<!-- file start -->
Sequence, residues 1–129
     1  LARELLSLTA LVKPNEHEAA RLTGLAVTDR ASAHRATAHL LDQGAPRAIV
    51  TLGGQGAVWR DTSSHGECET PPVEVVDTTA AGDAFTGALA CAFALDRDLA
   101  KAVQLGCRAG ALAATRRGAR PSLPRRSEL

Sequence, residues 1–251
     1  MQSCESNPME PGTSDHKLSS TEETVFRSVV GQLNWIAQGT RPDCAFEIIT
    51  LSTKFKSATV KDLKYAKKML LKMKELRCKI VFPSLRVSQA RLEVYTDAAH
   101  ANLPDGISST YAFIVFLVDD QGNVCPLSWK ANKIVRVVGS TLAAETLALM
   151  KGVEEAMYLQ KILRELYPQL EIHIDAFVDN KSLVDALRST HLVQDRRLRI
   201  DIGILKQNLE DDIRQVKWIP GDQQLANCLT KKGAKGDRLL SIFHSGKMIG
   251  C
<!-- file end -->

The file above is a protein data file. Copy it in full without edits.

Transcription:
Sequence, residues 1–129
     1  LARELLSLTA LVKPNEHEAA RLTGLAVTDR ASAHRATAHL LDQGAPRAIV
    51  TLGGQGAVWR DTSSHGECET PPVEVVDTTA AGDAFTGALA CAFALDRDLA
   101  KAVQLGCRAG ALAATRRGAR PSLPRRSEL

Sequence, residues 1–251
     1  MQSCESNPME PGTSDHKLSS TEETVFRSVV GQLNWIAQGT RPDCAFEIIT
    51  LSTKFKSATV KDLKYAKKML LKMKELRCKI VFPSLRVSQA RLEVYTDAAH
   101  ANLPDGISST YAFIVFLVDD QGNVCPLSWK ANKIVRVVGS TLAAETLALM
   151  KGVEEAMYLQ KILRELYPQL EIHIDAFVDN KSLVDALRST HLVQDRRLRI
   201  DIGILKQNLE DDIRQVKWIP GDQQLANCLT KKGAKGDRLL SIFHSGKMIG
   251  C